The photographs above were taken by the IRC's Liz Pender in and around the Yida refugee camp in South Sudan, to which tens of thousands of refugees have fled in recent months, following fighting in northern Sudan.
Photgraphy: Liz Pender/The IRC
Article: Stefano Gelmini
Since the start of the year, a combination of protracted fighting and severe food shortages in Sudan's South Kordofan and Blue Nile states has forced tens of thousands of people to leave their homes and flee across the border to South Sudan. About 50,000 refugees have already arrived in Unity State alone, and more are expected as the influx continues at a rate of nearly 800 a day.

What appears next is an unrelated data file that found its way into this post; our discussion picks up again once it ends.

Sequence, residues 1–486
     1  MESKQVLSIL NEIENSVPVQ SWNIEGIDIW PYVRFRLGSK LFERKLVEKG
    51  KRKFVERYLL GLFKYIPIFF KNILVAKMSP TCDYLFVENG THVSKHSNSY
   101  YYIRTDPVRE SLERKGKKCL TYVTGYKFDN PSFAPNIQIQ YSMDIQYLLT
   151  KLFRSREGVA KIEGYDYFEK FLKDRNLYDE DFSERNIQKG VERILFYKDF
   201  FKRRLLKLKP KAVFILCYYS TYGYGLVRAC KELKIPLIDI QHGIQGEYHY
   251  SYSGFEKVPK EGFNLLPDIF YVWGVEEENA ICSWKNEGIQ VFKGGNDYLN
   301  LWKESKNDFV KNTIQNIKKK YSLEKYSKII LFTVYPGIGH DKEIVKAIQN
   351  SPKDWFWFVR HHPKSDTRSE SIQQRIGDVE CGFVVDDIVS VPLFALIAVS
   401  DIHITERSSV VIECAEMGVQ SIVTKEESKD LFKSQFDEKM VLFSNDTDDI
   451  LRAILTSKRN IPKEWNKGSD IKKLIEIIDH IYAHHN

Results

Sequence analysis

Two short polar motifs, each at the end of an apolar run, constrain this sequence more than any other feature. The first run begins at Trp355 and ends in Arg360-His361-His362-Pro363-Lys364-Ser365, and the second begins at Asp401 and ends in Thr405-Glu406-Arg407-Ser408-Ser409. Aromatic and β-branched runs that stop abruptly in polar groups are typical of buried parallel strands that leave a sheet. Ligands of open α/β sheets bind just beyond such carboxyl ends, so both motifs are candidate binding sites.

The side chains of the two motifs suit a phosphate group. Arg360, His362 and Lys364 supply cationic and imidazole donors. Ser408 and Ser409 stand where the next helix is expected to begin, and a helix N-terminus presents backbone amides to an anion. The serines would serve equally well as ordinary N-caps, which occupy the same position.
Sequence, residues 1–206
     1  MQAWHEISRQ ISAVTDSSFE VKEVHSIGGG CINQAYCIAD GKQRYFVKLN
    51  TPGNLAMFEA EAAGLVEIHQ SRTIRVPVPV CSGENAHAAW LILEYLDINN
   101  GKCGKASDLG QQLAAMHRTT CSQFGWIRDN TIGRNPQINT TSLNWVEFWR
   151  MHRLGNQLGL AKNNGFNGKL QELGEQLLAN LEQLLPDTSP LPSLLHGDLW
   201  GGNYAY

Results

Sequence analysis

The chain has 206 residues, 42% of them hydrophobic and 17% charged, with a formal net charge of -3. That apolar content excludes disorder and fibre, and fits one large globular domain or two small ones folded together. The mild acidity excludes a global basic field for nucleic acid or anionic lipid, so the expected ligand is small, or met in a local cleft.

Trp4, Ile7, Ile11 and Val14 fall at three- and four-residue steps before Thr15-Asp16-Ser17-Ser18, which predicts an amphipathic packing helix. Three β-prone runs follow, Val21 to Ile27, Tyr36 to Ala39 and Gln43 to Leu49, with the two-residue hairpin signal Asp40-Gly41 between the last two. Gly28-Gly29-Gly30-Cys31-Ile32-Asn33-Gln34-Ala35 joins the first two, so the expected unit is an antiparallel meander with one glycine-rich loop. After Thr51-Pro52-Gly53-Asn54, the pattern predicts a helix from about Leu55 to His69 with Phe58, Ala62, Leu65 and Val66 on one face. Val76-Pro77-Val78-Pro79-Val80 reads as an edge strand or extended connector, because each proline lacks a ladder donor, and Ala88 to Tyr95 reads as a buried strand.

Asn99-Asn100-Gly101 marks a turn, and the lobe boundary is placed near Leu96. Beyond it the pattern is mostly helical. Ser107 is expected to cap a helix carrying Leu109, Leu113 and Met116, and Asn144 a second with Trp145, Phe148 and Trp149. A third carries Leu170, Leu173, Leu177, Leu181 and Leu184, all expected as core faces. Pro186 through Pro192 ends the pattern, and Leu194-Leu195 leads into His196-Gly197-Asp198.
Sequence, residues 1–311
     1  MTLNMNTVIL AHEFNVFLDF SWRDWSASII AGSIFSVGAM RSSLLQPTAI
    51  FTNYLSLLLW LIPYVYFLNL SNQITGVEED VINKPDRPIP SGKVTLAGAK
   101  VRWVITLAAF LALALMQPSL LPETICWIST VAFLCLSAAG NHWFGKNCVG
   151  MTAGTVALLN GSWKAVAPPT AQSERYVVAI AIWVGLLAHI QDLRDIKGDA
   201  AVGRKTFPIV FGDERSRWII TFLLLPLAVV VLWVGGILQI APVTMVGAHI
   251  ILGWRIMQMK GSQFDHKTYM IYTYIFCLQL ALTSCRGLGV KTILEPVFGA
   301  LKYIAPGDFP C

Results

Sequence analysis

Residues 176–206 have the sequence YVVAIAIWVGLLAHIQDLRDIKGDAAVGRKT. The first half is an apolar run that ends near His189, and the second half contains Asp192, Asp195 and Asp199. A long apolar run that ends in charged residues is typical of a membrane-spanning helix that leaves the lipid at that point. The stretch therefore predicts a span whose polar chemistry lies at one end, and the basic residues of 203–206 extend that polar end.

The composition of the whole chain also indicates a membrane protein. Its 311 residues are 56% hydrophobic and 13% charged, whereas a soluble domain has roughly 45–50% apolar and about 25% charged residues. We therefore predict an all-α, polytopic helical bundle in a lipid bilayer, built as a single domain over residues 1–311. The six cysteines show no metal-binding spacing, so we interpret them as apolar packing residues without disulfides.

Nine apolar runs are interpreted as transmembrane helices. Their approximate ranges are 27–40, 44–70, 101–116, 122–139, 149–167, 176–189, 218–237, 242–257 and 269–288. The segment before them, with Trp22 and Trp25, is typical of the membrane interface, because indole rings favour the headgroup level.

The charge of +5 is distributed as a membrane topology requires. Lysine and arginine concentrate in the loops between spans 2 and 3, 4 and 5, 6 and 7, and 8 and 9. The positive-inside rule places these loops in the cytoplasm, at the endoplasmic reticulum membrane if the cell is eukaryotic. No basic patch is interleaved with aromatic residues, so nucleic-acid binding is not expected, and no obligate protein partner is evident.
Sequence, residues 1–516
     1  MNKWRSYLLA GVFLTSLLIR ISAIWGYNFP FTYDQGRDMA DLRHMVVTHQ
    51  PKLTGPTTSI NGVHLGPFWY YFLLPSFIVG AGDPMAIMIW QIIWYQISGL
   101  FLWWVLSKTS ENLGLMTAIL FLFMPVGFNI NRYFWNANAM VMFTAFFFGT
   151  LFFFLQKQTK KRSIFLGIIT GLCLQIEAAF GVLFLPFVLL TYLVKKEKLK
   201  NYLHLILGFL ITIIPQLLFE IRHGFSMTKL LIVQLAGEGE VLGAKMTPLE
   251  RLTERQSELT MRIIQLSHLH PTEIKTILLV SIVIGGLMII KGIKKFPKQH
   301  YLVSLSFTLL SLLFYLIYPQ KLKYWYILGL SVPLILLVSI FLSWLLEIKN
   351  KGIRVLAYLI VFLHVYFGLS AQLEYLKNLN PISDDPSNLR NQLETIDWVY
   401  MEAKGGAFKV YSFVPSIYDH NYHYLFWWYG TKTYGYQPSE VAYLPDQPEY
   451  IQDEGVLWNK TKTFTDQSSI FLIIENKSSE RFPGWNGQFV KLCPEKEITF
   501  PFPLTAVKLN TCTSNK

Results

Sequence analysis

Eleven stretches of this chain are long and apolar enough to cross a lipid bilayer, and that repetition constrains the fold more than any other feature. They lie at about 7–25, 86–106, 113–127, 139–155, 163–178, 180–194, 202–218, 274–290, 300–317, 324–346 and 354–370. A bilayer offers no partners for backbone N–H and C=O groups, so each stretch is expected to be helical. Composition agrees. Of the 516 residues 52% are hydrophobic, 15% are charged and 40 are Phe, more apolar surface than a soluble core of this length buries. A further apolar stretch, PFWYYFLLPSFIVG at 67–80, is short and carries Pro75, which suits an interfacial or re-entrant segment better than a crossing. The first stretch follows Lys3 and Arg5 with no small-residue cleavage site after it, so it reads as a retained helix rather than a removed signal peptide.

Most of the refugees in Unity State have concentrated in the Yida refugee camp, situated just 15 miles south of the border. Ibrahim Kallo, IRC emergency field coordinator in Yida, said: “Those arriving in the camp in recent weeks are visibly exhausted and malnourished after walking for four or five days with little food or water, and some children show signs of severe malnutrition. Women are being raped and assaulted, both on the journey and once they arrive. Fear of hunger is likely to trigger a further wave of displacement in the coming weeks, as people try to get out before the rains make the trek across the border more arduous.”
The IRC has opened a Women and Girls Wellness Centre in the camp, providing a range of reproductive health care services and assistance for women and girls who have been sexually assaulted. Services include deliveries, pre- and post-natal care, family planning, treatment for sexually transmitted diseases, specialised care for survivors of rape and abuse, counselling, and health education.